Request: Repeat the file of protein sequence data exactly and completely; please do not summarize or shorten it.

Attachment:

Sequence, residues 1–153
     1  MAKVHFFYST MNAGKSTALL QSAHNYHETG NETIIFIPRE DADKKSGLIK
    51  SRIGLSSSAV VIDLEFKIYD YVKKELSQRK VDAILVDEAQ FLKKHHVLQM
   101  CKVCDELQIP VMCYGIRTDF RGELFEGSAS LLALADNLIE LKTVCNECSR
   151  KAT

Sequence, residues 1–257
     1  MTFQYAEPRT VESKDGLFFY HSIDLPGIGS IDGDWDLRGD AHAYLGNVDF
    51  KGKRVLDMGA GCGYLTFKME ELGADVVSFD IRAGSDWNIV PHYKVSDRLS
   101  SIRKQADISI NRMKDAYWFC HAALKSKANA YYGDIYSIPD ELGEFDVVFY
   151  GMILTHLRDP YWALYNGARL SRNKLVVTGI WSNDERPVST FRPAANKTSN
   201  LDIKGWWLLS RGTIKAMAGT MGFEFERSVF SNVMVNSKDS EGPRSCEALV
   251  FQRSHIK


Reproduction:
Sequence, residues 1–153
     1  MAKVHFFYST MNAGKSTALL QSAHNYHETG NETIIFIPRE DADKKSGLIK
    51  SRIGLSSSAV VIDLEFKIYD YVKKELSQRK VDAILVDEAQ FLKKHHVLQM
   101  CKVCDELQIP VMCYGIRTDF RGELFEGSAS LLALADNLIE LKTVCNECSR
   151  KAT

Sequence, residues 1–257
     1  MTFQYAEPRT VESKDGLFFY HSIDLPGIGS IDGDWDLRGD AHAYLGNVDF
    51  KGKRVLDMGA GCGYLTFKME ELGADVVSFD IRAGSDWNIV PHYKVSDRLS
   101  SIRKQADISI NRMKDAYWFC HAALKSKANA YYGDIYSIPD ELGEFDVVFY
   151  GMILTHLRDP YWALYNGARL SRNKLVVTGI WSNDERPVST FRPAANKTSN
   201  LDIKGWWLLS RGTIKAMAGT MGFEFERSVF SNVMVNSKDS EGPRSCEALV
   251  FQRSHIK